Presentation on theme: "West Nile Fever and Encephalitis From Mayoclinic.com."— Presentation transcript:
West Nile Fever and Encephalitis From Mayoclinic.com
Introduction In the summer of 1999, large numbers of crows began dying in New York City. Health officials eventually discovered the cause, but not before four people died of the same disease — West Nile virus, a mosquito-borne illness that mainly affects birds, humans and horses.
Etiology West Nile virus: A single stranded RNA virus containing an envelope Family flavivirus. Although the exact mechanism of illness is unknown, West Nile virus probably enters the host's bloodstream, multiplies and moves on to the brain, crossing the blood- brain barrier. Once the virus crosses that barrier and infects the brain or its linings, an inflammatory response occurs and symptoms arise.
Virulence Factors Portal of entery –Parenteral rout. Infected mosquito deposits virus under the skin.
Virulence Factors Adhesion –Hemagglutinin binds to target cells – Proteins on the viral envelope called Domain III proteins bind to V 3 integrin protein on the host cell.
Virulence Factors Evading the Immune System –Virus blocks the production of interferon (IFN)
Virulence Factors Tissue Distruction –Destroys tissue in the central nervous system leading to encephalitis.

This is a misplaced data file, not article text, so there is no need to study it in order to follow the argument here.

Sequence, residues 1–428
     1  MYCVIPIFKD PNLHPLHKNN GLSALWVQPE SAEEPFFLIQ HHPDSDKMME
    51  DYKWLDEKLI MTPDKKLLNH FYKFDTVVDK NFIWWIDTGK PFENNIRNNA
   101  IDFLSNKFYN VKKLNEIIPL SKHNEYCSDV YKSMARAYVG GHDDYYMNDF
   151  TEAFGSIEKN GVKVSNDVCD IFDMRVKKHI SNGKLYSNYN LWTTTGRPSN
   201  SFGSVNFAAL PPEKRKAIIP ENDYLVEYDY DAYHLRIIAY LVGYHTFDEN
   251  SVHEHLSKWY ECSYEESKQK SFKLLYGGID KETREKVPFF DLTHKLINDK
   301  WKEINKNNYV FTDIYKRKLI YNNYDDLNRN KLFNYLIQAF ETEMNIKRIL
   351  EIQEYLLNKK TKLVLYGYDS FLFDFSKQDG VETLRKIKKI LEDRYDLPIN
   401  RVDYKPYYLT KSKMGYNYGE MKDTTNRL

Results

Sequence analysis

Mode of Transmission Amplification of the virus occurs throughout the summer as Culex mosquitoes feed on infected birds. If amplification is significant enough, then bridge vector mosquitoes – (mosquitoes that that bite both humans and birds) become infected in late summer and pose an infection threat to humans. WNV is not transmitted through person to person contact Bridge vector mosquitoes Maintenance vector mosquito
Reservoir and incubation Reservoir Birds (Jays and Crows) Transmission vector Mosquitoes from the genus Culex Incubation period 3-14 days
Signs and Symptoms Most people infected with the West Nile virus have no signs or symptoms. About 20 percent of people develop a mild infection called West Nile fever. Common signs and symptoms of West Nile fever include: –Fever –Headache –Muscle aches –Backache –Lack of appetite –Nausea, vomiting and diarrhea –Skin rash –Swollen lymph glands
Signs and Symptoms cont In less than 1 percent of infected people, the virus causes a more serious neurological infection, –inflammation of the brain (encephalitis) or of the brain and surrounding membranes (meningoencephalitis), and paralysis. Signs and symptoms of these diseases include: High fever Severe headache Stiff neck Disorientation or confusion Stupor or coma Tremors or muscle jerking Signs and symptoms of Parkinson's disease Convulsions Partial paralysis
Risk Factors Among those more likely to develop severe or fatal infections are: –Adults over 50 years old. –People with immune systems weakened by long-term steroid use, chemotherapy drugs or anti-rejection drugs following transplant surgery. –Pregnant women. –People with certain genetic mutations.
Screening and diagnosis Blood sample. –Serological screening for anti-West Nile virus IgM antibodies
Treatment Most people recover from West Nile virus without treatment. Those who develop encephalitis or meningitis may only need supportive therapy with intravenous fluids and pain relievers. Currently, researchers are investigating interferon therapy as a treatment for encephalitis caused by West Nile virus.